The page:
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Michael & Mark’s Story

Find out how Pet Food Express got started.

PFE Owners - Mark Witriol and Michael Levy with their pets

Michael and Mark have been business partners for nearly 20 years(that's 140 in dog years!), running Pet Food Express. You'd think by now they would have agreed on the story of how they met and formed their business—but as it has been many years, they still need to remind each other about some of the details.

It all started back when Michael was a boy of 7 and wasn’t allowed to get a dog, so he began bringing home stray cats.  At 16, he finally got his first dog, a German Shepherd, and trained him to respond to many commands off-leash. Years later, while attending City College of San Francisco in 1976, Michael decided to start a dog training business in order to supplement student loans (During this time, Mark was having his Bar Mitzvah). By the 1980s, Michael's little business (called Pro-Train) had become the largest professional dog training company in Northern California. He also opened his first “brick and mortar” store in 1980, in West Portal for dog training and pet supplies.

In 1986 (the same year “Top Gun” hit movie theaters), Michael changed the name of his store to Pet Food Express, and the company incorporated the following year expanding its paw-print in the Bay Area. By the time co-owners Michael and Mark finally met in 1992, Pet Food Express had expanded to three locations.

Getting Michael and Mark to discuss how they actually met resulted in this conversation:

Mark: My girlfriend brought home a dog. I didn’t want a dog. The dog’s name was Maxine and she fed the dog Nutro MAX. Good, I can remember the name of the food because of the dog. Maxine and MAX. The problem was the only place we could get the food was from the vet.

Michael: Or so he thought.

Mark: Or so I thought. The vet was in Marin, and he wasn’t open on the weekends or the evenings and I worked in Berkeley. I would have to drive there on my lunch hour to get the food, but often he was out or didn’t have the right size bag. But my girlfriend would not take any excuses. If I didn’t bring the right food, I was in trouble.

When my girlfriend wasn’t at home, I fed the dog spaghetti. Why? I liked spaghetti; I was eating spaghetti, so the dog got spaghetti. When I got a second dog—a white poodle—I added red tomato sauce, because when the dog was eating, it looked like he had just eaten a deer.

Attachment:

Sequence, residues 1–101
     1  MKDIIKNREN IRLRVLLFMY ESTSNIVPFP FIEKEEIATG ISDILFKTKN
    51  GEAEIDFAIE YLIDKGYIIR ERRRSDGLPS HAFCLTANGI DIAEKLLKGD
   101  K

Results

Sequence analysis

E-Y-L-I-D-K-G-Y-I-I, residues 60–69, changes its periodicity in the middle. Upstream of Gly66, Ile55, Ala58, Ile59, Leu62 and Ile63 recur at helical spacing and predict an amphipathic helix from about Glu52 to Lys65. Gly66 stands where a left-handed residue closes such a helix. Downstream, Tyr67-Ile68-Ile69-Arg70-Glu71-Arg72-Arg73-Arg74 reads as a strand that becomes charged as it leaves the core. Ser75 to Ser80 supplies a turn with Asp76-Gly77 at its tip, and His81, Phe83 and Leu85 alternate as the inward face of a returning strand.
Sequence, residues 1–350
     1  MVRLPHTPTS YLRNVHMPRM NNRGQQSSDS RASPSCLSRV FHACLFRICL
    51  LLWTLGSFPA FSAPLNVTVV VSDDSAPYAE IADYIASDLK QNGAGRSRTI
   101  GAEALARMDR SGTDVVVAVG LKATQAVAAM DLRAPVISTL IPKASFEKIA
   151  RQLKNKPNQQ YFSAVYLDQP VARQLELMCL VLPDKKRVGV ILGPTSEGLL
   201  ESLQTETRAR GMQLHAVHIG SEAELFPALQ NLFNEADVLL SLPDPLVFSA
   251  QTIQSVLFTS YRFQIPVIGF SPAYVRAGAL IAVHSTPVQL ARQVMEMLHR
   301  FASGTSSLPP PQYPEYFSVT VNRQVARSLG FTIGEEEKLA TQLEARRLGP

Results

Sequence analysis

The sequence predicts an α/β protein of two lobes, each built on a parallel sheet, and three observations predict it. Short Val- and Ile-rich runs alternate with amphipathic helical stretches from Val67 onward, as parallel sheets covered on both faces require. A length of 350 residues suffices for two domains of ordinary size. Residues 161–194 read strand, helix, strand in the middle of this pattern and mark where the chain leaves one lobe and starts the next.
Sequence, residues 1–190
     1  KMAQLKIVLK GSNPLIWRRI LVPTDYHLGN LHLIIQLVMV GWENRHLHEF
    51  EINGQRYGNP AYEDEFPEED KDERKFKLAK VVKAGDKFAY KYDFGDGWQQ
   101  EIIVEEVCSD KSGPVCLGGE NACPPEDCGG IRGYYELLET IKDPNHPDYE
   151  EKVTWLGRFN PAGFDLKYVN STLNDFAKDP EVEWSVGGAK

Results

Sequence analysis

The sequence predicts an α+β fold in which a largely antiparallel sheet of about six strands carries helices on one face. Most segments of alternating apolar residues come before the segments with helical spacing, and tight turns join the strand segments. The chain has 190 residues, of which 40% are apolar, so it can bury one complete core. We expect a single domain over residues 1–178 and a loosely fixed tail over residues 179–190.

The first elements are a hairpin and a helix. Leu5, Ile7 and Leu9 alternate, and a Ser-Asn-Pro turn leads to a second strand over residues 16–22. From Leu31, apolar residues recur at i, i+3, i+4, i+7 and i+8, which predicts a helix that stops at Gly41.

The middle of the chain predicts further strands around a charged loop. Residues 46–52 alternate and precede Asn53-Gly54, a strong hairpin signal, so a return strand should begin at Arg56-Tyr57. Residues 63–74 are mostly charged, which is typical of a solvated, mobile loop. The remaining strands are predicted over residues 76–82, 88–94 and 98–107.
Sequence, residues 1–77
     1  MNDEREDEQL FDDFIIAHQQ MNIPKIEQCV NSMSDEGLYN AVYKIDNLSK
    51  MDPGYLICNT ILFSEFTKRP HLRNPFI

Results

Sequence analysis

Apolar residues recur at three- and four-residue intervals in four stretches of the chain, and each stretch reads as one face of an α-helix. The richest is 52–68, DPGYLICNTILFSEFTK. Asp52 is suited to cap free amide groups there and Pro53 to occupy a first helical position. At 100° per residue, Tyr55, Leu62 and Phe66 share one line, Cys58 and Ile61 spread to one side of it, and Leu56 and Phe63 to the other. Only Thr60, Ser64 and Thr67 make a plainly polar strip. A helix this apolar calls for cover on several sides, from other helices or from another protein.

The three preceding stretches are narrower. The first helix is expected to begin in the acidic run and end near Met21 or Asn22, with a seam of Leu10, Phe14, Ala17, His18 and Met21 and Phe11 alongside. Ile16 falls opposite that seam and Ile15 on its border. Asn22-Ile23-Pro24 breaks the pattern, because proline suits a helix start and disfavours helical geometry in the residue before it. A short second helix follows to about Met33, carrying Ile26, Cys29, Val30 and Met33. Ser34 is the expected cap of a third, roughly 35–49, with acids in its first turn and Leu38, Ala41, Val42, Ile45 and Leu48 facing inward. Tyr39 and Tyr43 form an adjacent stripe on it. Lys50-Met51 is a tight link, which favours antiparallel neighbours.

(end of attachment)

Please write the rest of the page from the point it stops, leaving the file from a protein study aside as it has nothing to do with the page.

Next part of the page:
One day, Michael opened his third store, in Berkeley, right next to my electronics business.

Michael: I thought we met at the Cow Palace dog show?

Mark: We did, but I stopped in your store first but you didn’t know who I was. Michael tried to get me to switch foods, but I wasn’t listening.

Michael: But 99 percent of our customers would.

Mark: My girlfriend dragged me to the dog show at the Cow Palace to look for a poodle, so I didn’t really have anything to do. Michael and I started talking. I got the book of coupons he was handing out. Then we realized we had businesses right next to each other.

In the electronics business, I had to fight just to make $5 on a fax machine. Michael started telling me how good the pet food business was—and that dogs don’t write bad checks.

Michael: We saw it as a great opportunity. Mark had a lot of retail experience, which I lacked at that time.

And that was the beginning –almost 20 years ago. In 1993, Michael and Mark opened another store, this time in San Leandro with their first self-service pet wash. In 1996, Pet Food Express expanded to 10 stores; in 1999 to 15; in 2006 to 28 and currently the company has 62 California locations—with more coming soon!

“We are becoming a larger and larger business, and we view ourselves as a well-run operation,” Michael said. “But we cannot forget where we came from and how important it is to act like an independent and to have a personal touch on everything we do.”

(Just in case you're concerned or curious, Mark no longer feeds his dogs spaghetti.)

Mark: I actually do still feed the dogs spaghetti. By the way, although I did not want the dog initially, I came to love the dog—even though she ate 38 pairs of my girlfriend’s shoes, three couches, sheet rock and bricks.  When my girlfriend left (over the dog), I took Maxine and the poodle, Nick, even though it was my girlfriend’s dog.

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